- Email: firstname.lastname@example.org
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I am deeply grateful for the privilege of serving as Interim Minister with Williamsburg Unitarian Universalists for the two-year period beginning in August 2015. I represent a cadre of two dozen Accredited Interim Ministers within the UUA who currently serve UU congregations-in-transition in the US and Canada. A brief summary of my background; then a few FAQ’s (frequently-asked-questions) about the specialized work of transition ministry.
Over the past half-century I have enjoyed several distinct, fulfilling careers: Mathematics, geology, oceanography, government service, settled ministry, and transition ministry. With each new vocational venture I have incorporated the best wisdom, experiences, and resources from my past. Thus my journey has resembled a telescope rather than a ladder: With overlapping yet distinctive approaches to wisdom. My former careers in scientific research focused upon STT – “stuff-that’s true”. According to scientific methods, “the truth” must be testable — using empirical evidence, argument, and critical evaluation by peers. By contrast, ministry focuses upon STM – “stuff-that-matters”. To be sure, there is significant overlap between STT and STM – in a telescoping sense. Yet STM engages a wide range of human concerns, dilemmas, ambiguities, and paradoxes that may not be amenable to the same rules of evidence / testing / evaluation that are typical of scientific inquiry. Thus, there’s an important distinction between truth, and wisdom.
I am now beginning my 29th year of full-time ministry. I previously served fifteen years as settled minister at a UU church in Kansas. In 2002 I began the specialized work of transition ministry. WUU represents my ninth congregation-in-transition.
A few FAQ’s about the specialized work of Interim Ministry:
How is interim ministry different from called, or settled ministry?
Interim ministers (IM’s) are hired as consultants to the Board of Trustees, rather than being called by the congregation. Thus an IM’s tasks are primarily consultative. While we IM’s do engage in aspects of ministry which parallel the work of a settled minister, the IM is an invited guest, rather than a stakeholder in the system. For this reason IM’s avoid identifying with, or becoming partisan advocates for, any particular issue, strategy, or outcome.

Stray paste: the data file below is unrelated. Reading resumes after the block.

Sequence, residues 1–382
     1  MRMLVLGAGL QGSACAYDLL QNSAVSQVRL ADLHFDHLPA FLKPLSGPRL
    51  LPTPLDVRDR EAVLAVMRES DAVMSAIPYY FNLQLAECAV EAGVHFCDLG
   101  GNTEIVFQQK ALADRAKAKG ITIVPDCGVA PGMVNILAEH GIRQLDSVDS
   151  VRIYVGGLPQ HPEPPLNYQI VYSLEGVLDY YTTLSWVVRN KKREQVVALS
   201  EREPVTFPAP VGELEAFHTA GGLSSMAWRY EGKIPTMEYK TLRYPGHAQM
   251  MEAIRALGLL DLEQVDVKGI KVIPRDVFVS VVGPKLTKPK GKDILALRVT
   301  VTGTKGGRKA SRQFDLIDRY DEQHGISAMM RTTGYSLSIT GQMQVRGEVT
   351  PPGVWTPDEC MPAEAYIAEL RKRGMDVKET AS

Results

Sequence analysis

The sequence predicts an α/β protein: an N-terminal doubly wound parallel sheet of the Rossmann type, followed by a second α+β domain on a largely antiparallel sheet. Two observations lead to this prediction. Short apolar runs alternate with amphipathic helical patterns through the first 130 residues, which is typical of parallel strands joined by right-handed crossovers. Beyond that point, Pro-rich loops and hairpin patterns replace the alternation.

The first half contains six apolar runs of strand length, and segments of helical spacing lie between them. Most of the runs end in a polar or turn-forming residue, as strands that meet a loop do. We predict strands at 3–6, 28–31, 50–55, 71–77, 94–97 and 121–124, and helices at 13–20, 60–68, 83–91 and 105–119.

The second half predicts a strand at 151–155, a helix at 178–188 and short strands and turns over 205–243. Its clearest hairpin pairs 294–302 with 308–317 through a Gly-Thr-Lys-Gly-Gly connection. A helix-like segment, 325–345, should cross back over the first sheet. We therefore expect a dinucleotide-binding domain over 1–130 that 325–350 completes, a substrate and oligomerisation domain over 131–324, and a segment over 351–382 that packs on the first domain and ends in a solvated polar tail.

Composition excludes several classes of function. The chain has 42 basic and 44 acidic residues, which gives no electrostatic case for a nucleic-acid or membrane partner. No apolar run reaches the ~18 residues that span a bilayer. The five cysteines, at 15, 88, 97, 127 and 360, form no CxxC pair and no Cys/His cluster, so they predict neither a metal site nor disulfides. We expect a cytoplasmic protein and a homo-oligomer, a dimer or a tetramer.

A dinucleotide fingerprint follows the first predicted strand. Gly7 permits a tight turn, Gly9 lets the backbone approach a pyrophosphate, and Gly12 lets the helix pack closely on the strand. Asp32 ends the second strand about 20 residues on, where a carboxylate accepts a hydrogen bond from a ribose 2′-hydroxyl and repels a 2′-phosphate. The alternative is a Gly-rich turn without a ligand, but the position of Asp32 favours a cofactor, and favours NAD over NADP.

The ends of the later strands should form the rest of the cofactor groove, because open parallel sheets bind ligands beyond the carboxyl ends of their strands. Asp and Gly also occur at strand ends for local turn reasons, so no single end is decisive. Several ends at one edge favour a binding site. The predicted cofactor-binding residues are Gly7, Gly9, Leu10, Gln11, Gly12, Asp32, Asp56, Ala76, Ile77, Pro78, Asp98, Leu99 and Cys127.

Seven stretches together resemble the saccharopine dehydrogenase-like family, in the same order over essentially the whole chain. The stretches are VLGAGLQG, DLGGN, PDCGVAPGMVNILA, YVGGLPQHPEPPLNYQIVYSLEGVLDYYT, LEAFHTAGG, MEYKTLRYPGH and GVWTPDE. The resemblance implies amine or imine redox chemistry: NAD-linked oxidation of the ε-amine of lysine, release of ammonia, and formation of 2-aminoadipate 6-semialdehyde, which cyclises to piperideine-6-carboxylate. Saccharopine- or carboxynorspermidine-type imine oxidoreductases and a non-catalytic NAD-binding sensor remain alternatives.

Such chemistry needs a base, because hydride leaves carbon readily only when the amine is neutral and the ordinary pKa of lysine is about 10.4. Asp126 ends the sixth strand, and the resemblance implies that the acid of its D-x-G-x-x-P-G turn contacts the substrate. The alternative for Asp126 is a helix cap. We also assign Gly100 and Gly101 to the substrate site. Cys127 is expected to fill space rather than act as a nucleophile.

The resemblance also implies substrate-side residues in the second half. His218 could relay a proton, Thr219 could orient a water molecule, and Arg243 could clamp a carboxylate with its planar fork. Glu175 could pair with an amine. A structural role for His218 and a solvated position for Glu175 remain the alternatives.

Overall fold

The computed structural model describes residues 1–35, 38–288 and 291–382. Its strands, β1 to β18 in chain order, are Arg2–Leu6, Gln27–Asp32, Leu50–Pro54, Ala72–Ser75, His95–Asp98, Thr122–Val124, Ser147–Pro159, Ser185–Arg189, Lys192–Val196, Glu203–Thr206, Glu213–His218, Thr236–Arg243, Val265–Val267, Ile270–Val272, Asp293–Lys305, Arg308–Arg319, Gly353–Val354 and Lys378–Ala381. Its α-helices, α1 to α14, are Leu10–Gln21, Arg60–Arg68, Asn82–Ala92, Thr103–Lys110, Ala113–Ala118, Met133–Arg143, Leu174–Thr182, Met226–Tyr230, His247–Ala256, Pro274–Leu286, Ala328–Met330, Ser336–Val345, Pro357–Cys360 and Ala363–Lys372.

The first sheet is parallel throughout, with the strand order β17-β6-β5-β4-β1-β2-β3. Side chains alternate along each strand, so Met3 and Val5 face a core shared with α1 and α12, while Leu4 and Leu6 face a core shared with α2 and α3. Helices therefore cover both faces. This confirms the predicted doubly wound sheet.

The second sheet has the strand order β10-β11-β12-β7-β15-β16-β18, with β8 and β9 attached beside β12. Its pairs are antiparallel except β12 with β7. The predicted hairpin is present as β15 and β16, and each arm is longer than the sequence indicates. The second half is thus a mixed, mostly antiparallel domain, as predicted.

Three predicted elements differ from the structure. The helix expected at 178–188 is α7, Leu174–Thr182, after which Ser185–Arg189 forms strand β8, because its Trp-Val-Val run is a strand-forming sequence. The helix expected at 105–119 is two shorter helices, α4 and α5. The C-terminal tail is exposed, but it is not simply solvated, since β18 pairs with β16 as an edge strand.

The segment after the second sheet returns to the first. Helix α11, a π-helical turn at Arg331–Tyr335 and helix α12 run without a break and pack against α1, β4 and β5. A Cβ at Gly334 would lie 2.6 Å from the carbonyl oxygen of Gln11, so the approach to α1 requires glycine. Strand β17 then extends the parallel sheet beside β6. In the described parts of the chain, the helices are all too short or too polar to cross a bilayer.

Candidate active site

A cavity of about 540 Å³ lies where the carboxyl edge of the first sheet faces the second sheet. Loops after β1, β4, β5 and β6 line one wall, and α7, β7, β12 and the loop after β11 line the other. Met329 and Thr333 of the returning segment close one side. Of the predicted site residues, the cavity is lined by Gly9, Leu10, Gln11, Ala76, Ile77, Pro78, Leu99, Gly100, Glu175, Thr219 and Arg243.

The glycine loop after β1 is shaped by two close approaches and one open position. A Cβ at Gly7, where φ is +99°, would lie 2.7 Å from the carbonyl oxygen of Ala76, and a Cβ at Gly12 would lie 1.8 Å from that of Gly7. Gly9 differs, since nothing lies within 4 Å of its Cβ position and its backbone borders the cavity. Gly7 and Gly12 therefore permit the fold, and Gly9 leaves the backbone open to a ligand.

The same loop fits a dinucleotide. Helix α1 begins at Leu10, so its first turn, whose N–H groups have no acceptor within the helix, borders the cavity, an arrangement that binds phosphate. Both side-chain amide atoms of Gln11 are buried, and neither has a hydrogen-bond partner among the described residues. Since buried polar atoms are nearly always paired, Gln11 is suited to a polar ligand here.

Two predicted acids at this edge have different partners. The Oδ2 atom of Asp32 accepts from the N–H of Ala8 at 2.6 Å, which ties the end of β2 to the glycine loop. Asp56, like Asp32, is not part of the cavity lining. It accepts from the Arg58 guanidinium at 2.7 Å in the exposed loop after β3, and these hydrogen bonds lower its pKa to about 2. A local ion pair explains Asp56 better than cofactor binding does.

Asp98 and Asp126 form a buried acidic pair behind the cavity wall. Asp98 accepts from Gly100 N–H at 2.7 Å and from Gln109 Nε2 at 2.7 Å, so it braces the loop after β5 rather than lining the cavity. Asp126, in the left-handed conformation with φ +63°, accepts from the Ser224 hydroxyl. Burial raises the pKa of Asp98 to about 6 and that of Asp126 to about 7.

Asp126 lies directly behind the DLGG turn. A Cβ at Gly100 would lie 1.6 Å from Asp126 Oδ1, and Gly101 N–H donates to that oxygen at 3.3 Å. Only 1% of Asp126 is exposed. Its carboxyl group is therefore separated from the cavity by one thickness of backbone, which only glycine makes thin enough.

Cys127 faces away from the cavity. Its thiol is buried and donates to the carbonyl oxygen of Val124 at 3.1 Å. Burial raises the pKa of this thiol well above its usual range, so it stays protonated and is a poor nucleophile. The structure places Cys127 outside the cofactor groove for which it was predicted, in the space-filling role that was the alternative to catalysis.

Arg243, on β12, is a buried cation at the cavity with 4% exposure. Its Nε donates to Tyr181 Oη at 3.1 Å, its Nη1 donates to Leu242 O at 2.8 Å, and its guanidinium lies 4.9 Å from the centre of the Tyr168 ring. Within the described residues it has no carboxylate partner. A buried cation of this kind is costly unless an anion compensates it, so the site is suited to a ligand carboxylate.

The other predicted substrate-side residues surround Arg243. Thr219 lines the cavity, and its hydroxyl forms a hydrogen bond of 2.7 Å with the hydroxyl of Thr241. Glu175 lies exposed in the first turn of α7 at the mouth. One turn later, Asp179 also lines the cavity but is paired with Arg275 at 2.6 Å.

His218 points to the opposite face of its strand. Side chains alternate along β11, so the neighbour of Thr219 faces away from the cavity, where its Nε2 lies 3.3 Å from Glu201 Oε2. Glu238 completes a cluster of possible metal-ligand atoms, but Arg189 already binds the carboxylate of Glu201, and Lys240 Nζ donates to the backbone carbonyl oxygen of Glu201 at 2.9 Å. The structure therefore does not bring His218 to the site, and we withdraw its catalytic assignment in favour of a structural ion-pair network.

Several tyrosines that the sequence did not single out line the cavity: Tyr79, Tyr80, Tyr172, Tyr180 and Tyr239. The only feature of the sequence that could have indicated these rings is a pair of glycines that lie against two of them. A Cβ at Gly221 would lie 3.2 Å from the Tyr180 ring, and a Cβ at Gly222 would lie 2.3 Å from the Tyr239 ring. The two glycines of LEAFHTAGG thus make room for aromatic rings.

Why is interim ministry important? Can’t we just find our next “real” minister?
For several decades, congregations of all denominations have learned that ministry-transition represents a window of opportunity for reflection, discernment and re-visioning. Thus emerged intentional interim ministry, with specialized training of IM’s who coach congregations through important self-reflection tasks. Whenever a church chooses to short-circuit this discernment process, the incoming settled minister will all-too-often become an un-intentional interim.
What are the congregation’s five focus points during interim ministry?
The Interim Ministry Network recommends five focus points for discernment by the congregation. In brief, these five are:
HERITAGE: Articulation and affirmation of a shared past, its ongoing meaning and the sense of purpose that it can provide.
MISSION: Who are we? Where are we going? Who and what are we called to be? How will we know that we have succeeded in that mission and vision?
CONNECTIONS: Being aware of the many and varied communities that the congregation and its member participate in, and by their active engagement, help shape.
LEADERSHIP: Reviewing the membership needs and its ways of organizing new and effective leadership.
FUTURE: Re-vision of the congregation’s historic purpose, reinterpreted and updated in light of current realities and circumstances
How does the interim minister work with a congregation in engaging these focus points?
In supporting the congregation’s work on the “focus points”, the IM serves as consultant; coach; observer; diagnostician; and cheerleader. The IM’s role centers on process: Fostering clear and timely communications; clarifying roles and responsibilities; identifying congregational norms (i.e., the “cultural DNA”); noting places of ambiguity, contradiction, or conflicting purpose; fostering the congregation’s self-understanding of its mission / vision; and promoting a healthy balancing. In brief, the process tasks of the Interim Minister are: Joining the system; Analyzing / interpreting; Connecting; Focusing; Clarifying Responsibility; Evaluating; and Exiting. The over-arching approach for the IM is: Observe; Describe; and Frame Questions that are clarifying, provocative, and open-ended, rather than to resolve perceived problems.
Why do you consider golf as a spiritual discipline?
Ever since my dad taught me to putt on sand greens in Texas, I’ve been hooked. Golf is a mind-game, far more than requiring physical prowess. It involves the Buddhists’ focus upon the present moment. My library includes two books by Michael Murphy, founder of the Esalen Institute: Golf in the Kingdom (1972) and The Kingdom of Shivas Irons (1997) which I commend; they enliven the links. I must confess, to golf purists, that I believe in forgiveness; thus I may occasionally play “winter rules” in other seasons.